Rubin will talk about "20-plus Years in the Making: Bridging Brain Injury Research Between Illinois and Carle," and Patrick will discuss "Evolution of Structural Composites for Multifunctional Applications." The lecture is open to the public and lunch is provided.
20-plus Years in the Making: Bridging Brain Injury Research Between Illinois and Carle
For more than 20 years, researchers at the Beckman Institute have aimed to collaborate more closely with Carle Hospital to advance the understanding of the brain and improve patient care following brain injury. This talk highlights the rich history of Beckman researchers in advancing our understanding of the neuroscience of brain systems, as well as the role of patient studies in contributing to such advances, albeit through the use of long-distance collaborations. However, recent developments have sparked several new areas of active research collaborations between the Beckman Institute and Carle Hospital, especially in the area of traumatic brain injury (TBI). TBI is a major worldwide health problem that has defied conventional approaches to therapy development because of its complexity. It remains one of the most disabling injuries, often resulting in motor and sensory deficits, as well as severe cognitive, emotional, and psychosocial impairment, crippling many vital areas of higher functioning. To address these issues, several new studies are being conducted locally that explore how advances in neuroimaging technology can improve the characterization of TBI at a neural level, as well as advance care during acute and chronic phases post injury. A selective overview of these studies is provided.
Rachael Rubin biography
Rachael Rubin is the Carle Foundation Hospital-Beckman Institute Postdoctoral Fellow. She earned a B.S. degree in psychology from SUNY at Buffalo, graduating summa cum laude, and earned her Ph.D. in cognitive neuroscience from the University of Illinois at Urbana-Champaign. Her research focuses on understanding how memory systems in the brain contribute to aspects of experience, such as social interaction, language use, and creativity, through patient studies of brain injury, including hippocampal amnesia and traumatic brain injury. Over the past three years, she developed the first local Traumatic Brain Injury (TBI) registry, working closely with clinicians affiliated with Carle’s Neuroscience Institute and neuroscience researchers at the Beckman Institute. She is involved in several studies that utilize the registry and incorporate advanced structural and functional neuroimaging techniques to better understand how neural networks are disrupted following TBI. Ultimately, being able to visualize such changes in the brain allows for improvements in TBI characterization and prognosis accuracy, as well as guides new therapy development and treatment. She has worked closely with Drs. Ken Aronson and Sanjiv Jain at Carle Hospital, and Drs. Neal Cohen, Aron Barbey, and Wendy Heller at the Beckman Institute to develop these TBI projects. In addition, Rubin also is respecializing in clinical psychology at the U of I, in order to better align advances in the neurosciences with psychological interventions and treatments, especially for patients with brain injury. After her fellowship, she will start a clinical internship at Carle Hospital and work with many of the same clinicians.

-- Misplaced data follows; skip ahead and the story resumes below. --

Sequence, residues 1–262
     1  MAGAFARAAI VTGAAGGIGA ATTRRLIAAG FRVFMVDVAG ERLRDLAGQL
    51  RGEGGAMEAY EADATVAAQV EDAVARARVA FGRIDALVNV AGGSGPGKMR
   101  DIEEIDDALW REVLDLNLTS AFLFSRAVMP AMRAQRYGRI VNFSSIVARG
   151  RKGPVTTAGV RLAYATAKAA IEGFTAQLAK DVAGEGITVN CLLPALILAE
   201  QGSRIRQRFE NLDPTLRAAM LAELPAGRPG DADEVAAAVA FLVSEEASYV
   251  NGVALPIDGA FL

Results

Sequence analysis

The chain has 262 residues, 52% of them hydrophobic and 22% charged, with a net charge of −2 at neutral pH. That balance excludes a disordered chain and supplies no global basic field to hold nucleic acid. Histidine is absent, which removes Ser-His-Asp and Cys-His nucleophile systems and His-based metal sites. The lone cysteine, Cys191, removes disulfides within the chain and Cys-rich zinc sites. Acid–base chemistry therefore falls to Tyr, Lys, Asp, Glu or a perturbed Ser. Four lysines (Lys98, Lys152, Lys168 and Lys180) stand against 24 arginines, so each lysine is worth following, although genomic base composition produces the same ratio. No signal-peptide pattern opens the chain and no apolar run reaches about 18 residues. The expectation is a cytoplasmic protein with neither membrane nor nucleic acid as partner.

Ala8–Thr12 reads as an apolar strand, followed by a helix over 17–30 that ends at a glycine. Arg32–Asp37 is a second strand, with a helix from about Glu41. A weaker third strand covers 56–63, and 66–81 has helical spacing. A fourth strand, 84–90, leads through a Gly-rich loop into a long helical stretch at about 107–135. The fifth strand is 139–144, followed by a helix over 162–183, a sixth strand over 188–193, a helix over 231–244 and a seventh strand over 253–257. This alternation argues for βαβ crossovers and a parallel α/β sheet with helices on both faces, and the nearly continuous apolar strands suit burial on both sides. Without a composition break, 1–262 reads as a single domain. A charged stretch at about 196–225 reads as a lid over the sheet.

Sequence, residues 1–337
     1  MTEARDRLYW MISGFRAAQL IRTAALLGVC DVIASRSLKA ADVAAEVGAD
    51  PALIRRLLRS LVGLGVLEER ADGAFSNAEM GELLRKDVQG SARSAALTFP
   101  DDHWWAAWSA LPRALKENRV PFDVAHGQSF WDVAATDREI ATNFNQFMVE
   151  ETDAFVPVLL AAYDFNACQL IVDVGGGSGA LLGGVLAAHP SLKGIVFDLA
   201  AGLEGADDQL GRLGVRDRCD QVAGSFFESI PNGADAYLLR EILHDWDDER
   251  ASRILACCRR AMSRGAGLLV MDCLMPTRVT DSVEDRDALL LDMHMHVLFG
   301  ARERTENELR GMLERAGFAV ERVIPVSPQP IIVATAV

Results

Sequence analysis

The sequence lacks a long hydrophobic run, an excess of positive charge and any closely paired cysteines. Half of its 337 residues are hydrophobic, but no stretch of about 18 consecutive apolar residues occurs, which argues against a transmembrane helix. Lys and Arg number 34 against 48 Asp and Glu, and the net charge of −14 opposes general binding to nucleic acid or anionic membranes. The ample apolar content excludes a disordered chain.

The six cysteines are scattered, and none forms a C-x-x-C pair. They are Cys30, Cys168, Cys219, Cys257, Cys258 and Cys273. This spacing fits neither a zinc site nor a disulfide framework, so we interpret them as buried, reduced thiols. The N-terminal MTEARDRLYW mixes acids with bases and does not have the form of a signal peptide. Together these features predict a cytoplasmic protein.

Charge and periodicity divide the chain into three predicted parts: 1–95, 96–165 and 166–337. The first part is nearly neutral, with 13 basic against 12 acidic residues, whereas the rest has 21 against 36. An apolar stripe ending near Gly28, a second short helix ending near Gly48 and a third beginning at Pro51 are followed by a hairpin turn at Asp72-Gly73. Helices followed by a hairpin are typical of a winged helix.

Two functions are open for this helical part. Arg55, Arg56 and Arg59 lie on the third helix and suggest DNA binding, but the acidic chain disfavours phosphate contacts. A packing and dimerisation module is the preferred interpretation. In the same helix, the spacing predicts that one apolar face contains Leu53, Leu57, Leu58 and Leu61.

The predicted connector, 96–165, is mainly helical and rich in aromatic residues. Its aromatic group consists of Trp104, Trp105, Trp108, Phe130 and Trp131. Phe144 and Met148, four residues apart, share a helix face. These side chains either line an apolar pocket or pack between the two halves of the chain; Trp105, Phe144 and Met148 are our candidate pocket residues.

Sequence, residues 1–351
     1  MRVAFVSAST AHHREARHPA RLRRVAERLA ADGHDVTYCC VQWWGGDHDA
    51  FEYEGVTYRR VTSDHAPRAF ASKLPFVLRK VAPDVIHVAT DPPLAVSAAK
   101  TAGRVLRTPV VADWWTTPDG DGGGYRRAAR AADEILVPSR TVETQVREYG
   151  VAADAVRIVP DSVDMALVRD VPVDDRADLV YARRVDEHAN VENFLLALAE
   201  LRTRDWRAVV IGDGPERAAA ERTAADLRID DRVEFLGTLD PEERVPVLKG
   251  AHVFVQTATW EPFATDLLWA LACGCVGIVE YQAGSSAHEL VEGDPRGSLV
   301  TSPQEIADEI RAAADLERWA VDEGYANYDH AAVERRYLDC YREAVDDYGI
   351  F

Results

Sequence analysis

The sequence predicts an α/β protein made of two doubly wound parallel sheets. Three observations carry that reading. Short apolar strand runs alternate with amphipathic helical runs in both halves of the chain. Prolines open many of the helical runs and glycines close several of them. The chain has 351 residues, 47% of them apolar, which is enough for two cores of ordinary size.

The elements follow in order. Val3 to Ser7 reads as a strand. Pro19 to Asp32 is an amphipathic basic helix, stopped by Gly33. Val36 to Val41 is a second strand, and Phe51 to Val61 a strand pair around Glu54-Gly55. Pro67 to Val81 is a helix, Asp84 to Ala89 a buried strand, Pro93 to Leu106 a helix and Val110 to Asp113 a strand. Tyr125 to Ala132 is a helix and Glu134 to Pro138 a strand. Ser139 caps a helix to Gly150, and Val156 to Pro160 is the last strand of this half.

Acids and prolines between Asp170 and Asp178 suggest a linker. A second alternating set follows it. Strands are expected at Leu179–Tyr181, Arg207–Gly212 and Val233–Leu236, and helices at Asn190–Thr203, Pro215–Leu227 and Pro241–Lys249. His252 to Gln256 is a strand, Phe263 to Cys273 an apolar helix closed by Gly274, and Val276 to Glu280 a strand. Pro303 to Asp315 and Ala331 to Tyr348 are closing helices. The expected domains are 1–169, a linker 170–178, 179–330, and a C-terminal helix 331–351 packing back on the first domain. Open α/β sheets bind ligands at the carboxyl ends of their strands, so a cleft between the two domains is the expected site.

Evolution of Structural Composites for Multifunctional Applications
A promising pathway for multifunctionality in fiber-composites is to mimic biological vasculature of living organisms that enables concerted homeostatic functions such as thermal regulation and self-repair. This presentation covers a recent evolution of research at the Beckman Institute to create complex, three-dimensional (3D) microvasculature in structural fiber-composites. In addition to achieving active cooling and electromagnetic regulation through fluid circulation, an investigation into self-healing of interlaminar delamination will be discussed. Vascular architecture proved critical for in situ mixing of reactive agents, polymerization, and repeated healing of delamination damage. Further microvascular fabrication advancements, e.g. 3D printing, are explored in addition to newfound efforts toward integrating self-sensing components for envisioned material autonomy. This highly interdisciplinary research demonstrates the vast potential for improving operation and resilience throughout the service life of high-performance composite structures.
Jason Patrick biography
Jason Patrick is a Beckman Institute Postdoctoral Fellow. He earned a Ph.D. in structural engineering at the University of Illinois at Urbana-Champaign and both M.S. and B.S. degrees at North Carolina State University in civil engineering. His multidisciplinary research interests span the fields of solid/fluid mechanics, chemistry, materials science, and even microelectronics. He has contributed numerous publications to the scientific literature in addition to several patent applications toward commercialization of next generation technologies. His vision for the future of fiber-composites is focused on bioinspired enhancements to imbue these synthetic materials with evolutionary advantages in an engineered platform. He will return to NCSU this fall as an assistant professor in the Department of Civil, Construction, and Environmental Engineering.